On September 10, AMERICAN FORESTS marks 125 years of working on behalf of trees and forests. Our rich history has touched three centuries, beginning in 1875 with a gathering of citizens concerned about the waste of our nation's treasured forests. Throughout the years the organization has counted among its officers and supporters the likes of both Franklin and Teddy Roosevelt and Itzhak Perlman (for 125 such famous names, see www.americanforests.org).
Our work in support of trees and forests includes leadership on forest conservation issues such as the move to set aside national forest and park land, the Civilian Conservation Corps, and urban forestry. Underlying our policy work has been the basic act of tree planting, from our early days, which set the tradition of planting a tree for every groundbreaking, memorial, or celebration, to our present Global ReLeaf education and action campaign. We're proud this seminal objective is still at the forefront of our efforts, not only because tree planting is a simple yet significant environmental action, but because planting puts the people in forest conservation. In the following pages we present a timeline of our accomplishments and a look at the issues of our past and future.
When physician and horticulturist John Aston Warder and like-minded individuals met in Chicago in 1875 and founded AMERICAN FORESTS (then called the American Forestry Association), it was for the purpose of protecting "the existing forests of the country from unnecessary waste and abuse" and "for the propagation and planting of useful trees." New science has changed the specifics, but these objectives still hold as we develop a new ethic for forest conservation in the 21st century. Put simply, AMERICAN FORESTS is about people, policy, and planting.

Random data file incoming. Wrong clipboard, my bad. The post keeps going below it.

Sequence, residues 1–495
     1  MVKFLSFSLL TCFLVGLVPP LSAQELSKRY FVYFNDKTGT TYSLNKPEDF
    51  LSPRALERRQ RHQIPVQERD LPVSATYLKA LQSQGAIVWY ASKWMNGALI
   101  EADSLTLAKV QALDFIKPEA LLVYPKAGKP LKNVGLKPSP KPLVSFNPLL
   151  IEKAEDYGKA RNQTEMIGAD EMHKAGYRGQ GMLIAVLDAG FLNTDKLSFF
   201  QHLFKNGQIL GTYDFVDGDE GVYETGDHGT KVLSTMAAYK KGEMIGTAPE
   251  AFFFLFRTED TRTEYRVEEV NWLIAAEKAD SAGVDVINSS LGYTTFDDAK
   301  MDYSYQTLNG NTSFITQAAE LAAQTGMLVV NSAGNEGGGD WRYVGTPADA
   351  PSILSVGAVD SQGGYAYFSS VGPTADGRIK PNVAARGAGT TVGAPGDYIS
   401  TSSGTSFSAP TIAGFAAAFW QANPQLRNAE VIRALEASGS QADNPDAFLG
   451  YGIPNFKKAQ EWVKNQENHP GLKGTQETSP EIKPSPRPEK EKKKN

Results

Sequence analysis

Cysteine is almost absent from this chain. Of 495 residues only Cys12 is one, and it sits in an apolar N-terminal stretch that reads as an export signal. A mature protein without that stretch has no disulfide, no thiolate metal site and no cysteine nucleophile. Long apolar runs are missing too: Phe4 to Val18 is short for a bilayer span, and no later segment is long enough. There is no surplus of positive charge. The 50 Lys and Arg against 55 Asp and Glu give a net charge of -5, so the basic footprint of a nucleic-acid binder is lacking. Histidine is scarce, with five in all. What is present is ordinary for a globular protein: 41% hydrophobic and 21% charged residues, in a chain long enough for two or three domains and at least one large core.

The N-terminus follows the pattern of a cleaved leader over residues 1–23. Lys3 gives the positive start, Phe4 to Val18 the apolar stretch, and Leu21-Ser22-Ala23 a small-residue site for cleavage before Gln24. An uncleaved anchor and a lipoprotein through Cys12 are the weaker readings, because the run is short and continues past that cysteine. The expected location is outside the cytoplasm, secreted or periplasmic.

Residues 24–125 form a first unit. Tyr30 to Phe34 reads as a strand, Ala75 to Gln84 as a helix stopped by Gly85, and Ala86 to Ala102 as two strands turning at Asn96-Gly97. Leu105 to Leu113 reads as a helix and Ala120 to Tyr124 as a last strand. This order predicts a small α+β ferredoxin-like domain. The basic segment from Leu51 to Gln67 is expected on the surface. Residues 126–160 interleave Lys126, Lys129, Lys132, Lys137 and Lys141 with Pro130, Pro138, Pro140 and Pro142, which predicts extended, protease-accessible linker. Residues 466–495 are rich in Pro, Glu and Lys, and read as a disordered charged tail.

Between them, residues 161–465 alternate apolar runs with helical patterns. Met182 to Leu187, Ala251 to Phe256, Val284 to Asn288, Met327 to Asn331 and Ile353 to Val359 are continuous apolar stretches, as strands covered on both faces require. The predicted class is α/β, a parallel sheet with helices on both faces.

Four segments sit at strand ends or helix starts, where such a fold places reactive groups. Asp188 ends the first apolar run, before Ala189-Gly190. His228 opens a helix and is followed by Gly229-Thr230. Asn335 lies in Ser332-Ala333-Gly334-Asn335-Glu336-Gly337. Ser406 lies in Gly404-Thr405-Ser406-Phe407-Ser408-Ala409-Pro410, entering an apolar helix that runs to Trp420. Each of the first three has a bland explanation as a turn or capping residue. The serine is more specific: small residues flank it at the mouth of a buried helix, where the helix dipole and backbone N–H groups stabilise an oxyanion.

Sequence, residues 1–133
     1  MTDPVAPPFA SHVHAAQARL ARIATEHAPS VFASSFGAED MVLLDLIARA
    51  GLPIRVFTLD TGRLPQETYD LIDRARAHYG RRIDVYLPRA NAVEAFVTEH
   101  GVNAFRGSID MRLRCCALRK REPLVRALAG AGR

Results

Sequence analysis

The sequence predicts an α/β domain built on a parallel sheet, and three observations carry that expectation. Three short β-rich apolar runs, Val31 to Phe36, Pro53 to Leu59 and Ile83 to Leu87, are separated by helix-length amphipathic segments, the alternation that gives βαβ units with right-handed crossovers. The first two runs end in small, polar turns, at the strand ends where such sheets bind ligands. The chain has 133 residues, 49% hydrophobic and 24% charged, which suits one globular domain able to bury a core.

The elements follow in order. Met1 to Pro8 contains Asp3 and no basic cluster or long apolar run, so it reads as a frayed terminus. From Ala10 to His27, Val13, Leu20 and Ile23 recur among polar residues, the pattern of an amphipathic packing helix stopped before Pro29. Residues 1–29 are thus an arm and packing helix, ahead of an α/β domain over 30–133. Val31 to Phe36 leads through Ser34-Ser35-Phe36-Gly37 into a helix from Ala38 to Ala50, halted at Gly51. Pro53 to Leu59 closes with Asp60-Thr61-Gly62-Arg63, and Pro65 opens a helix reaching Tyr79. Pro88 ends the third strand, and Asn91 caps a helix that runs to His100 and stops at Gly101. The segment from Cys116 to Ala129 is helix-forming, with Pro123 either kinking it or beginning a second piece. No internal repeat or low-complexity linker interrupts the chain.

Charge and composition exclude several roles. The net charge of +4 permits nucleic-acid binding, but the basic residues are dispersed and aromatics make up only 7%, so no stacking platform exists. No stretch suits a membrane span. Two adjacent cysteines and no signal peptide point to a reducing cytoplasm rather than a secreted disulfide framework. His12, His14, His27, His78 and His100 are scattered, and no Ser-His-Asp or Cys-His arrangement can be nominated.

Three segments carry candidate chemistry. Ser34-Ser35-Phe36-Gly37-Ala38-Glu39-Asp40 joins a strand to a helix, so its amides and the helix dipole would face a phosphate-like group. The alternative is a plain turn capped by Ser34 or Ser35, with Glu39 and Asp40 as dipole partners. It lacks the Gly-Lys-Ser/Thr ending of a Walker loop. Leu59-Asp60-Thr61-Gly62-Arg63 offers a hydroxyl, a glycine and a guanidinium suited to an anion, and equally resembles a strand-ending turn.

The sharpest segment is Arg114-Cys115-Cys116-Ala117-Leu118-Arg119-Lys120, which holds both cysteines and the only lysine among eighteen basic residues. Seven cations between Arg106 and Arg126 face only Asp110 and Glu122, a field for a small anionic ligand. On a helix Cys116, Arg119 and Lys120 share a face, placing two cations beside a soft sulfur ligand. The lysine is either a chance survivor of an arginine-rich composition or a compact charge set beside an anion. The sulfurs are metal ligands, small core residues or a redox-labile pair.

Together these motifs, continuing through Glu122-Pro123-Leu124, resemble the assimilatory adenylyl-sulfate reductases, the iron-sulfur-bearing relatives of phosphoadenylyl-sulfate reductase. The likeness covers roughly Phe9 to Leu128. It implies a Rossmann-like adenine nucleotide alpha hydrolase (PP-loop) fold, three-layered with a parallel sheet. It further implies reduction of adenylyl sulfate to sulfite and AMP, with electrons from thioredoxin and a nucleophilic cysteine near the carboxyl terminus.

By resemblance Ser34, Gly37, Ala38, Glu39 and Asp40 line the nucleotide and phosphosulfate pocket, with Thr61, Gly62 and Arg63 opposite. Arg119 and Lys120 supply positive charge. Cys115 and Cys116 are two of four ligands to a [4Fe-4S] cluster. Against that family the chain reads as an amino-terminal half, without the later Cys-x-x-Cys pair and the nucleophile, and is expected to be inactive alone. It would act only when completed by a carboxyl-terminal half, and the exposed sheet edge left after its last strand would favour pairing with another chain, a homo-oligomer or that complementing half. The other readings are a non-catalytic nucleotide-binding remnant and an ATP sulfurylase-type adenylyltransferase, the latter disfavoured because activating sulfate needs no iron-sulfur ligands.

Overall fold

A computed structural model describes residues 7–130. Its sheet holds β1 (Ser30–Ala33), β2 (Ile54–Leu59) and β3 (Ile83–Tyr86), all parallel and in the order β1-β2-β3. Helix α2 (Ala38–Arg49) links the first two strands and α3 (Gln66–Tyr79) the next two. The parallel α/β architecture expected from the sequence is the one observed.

With so little being done for trees nationally in the 19th century, AMERICAN FORESTS initially focused on changing public policy. After gathering information on the state of the nation's forest resource, we focused our advocacy on a comprehensive plan for forest protection and management. An 1897 study we persuaded the Secretary of the Interior to commission from the National Academy of Sciences pointed out the need to create and manage forest reserves. This led to passage of the Forest Reserve Act, the beginning of the national forest system. State forests and agencies followed.
At the second American Forest Congress in January 1905, President Theodore Roosevelt hosted conferees at a White House reception. A report in our magazine, then called Forestry and Irrigation, described the goal as: "to stimulate and unite all efforts to perpetuate the forest as a permanent resource of the nation." The US Forest Service was launched just one month later. (AMERICAN FORESTS has been a sponsor of subsequent Congresses, including the most recent, Seventh American Forest Congress, held in 1996.) Among the resolutions adopted by the 1905 Congress was having California convey Yosemite Park for national park status and acquiring Calavaras Grove of Big Trees.
AMERICAN FORESTS advocated for the protection and creation of national parks, including Grand Canyon and Everglades, and defended these lands from threats to their integrity. A January 1921 editorial warned that national parks "set aside as permanent recreation grounds for the people of the entire country" were being threatened by "commercial invasions" from two sources. First, a provision in the Federal Water Power Act allowed the issuance of licenses to build and operate dams and reservoirs in national parks and monuments on the same basis as those in the national forests. The second threat was irrigation interests.
"... the greatest value of the National Parks lies in the very fact that they are consecrated to recreational, esthetic, and scientific ends to the exclusion of those commercial activities which elsewhere rule supreme" the editorial warned. …